This really troubles me. Please refer to the sentences.

1) I like eating ice cream.

2) I like to eat ice cream.

Some of the web sites that I have been to suggest no difference in meaning, however I was told that using a gerund as the direct object of the verb 'like' denotes a habitual action.

What if I like to eat ice cream but I don't do it as often as possible...?

I know that using a gerund after 'like' tells us that we are talking about an actual event not necessarily hobbies, whereas an infinitive tells potential events.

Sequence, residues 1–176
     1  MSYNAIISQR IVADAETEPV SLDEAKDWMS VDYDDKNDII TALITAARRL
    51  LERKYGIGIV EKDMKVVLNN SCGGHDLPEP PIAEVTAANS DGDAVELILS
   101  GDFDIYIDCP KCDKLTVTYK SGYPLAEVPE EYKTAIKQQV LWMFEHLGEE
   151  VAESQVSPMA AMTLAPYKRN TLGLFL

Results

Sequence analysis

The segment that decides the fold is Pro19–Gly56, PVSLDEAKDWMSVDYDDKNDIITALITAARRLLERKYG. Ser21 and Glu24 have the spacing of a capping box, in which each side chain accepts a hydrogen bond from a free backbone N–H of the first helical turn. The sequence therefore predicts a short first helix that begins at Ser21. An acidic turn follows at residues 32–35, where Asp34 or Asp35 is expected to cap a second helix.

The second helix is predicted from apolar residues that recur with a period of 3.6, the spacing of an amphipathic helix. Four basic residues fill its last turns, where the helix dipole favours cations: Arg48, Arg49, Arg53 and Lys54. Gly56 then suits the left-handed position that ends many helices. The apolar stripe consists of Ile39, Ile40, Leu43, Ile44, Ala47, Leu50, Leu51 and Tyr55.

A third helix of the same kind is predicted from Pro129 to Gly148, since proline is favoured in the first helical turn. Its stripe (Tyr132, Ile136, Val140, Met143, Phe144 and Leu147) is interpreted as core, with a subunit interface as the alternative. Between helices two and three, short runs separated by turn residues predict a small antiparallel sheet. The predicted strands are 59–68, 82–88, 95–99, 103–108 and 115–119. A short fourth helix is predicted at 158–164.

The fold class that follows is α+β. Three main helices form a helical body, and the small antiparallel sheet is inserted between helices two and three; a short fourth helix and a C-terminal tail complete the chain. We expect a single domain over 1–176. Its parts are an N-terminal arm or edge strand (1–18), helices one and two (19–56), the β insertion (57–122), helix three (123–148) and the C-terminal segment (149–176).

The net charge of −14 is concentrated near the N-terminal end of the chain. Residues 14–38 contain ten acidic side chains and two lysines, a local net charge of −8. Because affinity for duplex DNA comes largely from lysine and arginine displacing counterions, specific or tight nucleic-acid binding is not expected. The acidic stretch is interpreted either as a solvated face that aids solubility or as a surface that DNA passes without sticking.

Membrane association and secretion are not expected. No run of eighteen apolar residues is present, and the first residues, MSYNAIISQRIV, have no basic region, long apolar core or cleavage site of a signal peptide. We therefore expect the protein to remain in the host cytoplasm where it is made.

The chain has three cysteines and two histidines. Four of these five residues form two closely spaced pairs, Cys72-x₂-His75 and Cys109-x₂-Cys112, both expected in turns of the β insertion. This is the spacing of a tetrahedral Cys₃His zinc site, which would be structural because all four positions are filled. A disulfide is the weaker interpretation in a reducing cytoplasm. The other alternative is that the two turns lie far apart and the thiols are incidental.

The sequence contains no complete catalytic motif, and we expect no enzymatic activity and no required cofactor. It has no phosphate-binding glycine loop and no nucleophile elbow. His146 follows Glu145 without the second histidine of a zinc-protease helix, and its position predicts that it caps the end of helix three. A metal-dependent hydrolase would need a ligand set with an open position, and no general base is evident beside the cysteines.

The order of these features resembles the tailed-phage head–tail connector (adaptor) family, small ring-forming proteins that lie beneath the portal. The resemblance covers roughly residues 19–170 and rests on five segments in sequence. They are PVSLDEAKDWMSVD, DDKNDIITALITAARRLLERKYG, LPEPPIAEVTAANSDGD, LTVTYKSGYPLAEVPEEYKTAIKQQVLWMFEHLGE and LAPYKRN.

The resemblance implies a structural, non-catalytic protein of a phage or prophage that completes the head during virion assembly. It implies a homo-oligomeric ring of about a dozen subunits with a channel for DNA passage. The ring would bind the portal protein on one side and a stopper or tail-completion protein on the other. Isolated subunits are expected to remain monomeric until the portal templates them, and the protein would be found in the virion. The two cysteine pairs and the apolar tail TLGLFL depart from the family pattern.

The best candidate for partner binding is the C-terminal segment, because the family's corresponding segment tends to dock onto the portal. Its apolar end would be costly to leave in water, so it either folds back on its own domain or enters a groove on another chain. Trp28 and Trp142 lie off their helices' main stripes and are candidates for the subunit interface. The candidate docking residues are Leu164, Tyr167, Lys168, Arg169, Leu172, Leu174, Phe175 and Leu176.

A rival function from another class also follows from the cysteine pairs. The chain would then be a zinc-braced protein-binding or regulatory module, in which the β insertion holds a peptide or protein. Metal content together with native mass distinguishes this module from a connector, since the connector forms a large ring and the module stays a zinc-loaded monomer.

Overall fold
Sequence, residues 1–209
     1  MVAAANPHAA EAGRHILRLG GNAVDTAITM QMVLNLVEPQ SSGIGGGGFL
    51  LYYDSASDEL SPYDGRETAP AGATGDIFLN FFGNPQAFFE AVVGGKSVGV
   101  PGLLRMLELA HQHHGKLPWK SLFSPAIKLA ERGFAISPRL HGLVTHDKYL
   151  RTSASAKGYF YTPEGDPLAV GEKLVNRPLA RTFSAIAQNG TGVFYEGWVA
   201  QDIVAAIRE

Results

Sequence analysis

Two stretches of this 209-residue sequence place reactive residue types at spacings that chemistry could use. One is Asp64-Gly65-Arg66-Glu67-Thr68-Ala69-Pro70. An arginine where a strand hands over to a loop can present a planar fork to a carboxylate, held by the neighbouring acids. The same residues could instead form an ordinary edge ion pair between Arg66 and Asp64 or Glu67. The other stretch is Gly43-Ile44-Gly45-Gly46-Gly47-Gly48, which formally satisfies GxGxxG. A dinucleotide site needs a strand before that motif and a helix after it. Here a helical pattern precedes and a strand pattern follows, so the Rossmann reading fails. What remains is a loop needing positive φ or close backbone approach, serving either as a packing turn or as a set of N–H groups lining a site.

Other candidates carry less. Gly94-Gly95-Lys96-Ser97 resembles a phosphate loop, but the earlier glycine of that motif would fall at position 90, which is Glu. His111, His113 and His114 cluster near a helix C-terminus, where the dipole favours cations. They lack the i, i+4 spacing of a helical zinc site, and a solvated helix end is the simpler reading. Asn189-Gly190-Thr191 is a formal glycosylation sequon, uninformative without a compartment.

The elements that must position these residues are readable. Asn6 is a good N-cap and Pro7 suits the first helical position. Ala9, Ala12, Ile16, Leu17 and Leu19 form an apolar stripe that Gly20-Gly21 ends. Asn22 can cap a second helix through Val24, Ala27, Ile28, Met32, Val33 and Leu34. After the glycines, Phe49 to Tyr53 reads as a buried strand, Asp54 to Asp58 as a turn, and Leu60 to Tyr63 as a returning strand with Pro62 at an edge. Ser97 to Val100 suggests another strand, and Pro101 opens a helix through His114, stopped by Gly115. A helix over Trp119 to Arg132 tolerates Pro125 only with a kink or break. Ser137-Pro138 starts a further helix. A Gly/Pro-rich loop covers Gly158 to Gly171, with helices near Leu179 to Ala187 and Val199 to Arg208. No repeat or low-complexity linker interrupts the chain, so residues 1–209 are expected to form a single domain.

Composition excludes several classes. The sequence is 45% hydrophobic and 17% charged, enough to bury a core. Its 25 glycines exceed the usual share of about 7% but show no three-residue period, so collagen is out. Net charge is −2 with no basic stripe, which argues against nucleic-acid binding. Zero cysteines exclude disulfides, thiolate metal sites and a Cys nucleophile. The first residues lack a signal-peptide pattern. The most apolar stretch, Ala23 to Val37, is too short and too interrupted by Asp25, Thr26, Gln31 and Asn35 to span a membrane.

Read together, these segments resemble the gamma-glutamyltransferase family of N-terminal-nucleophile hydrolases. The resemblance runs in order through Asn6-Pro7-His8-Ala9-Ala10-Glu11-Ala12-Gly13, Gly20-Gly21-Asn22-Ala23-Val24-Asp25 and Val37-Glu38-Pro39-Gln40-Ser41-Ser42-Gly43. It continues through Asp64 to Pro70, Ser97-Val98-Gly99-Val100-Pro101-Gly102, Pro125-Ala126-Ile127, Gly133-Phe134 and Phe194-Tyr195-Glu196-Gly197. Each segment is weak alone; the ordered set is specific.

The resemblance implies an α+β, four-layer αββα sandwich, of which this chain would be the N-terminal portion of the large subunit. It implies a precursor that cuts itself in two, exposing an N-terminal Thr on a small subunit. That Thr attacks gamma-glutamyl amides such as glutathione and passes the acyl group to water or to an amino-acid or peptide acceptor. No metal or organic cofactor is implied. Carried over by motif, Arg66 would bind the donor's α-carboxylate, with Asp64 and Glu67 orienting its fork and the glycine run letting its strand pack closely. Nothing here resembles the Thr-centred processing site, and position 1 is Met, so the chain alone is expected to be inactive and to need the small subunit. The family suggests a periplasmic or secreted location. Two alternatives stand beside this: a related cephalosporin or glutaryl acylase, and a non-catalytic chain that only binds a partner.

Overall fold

Help please...
The comments that you have received (-ing is habitual, -ing is actual, to is potential) are a generally accurate observation. In individual cases, however, they do not necessarily hold true, and yours is a case in point-- I like eating ice cream and I like to eat ice cream, devoid as they are of fuller context (that is, while sitting here at my computer reading your post and with the nearest ice cream a couple of blocks away at the convenience store), have the same meaning to my mind.
thanks a lot.

now i feel like having a cone myself.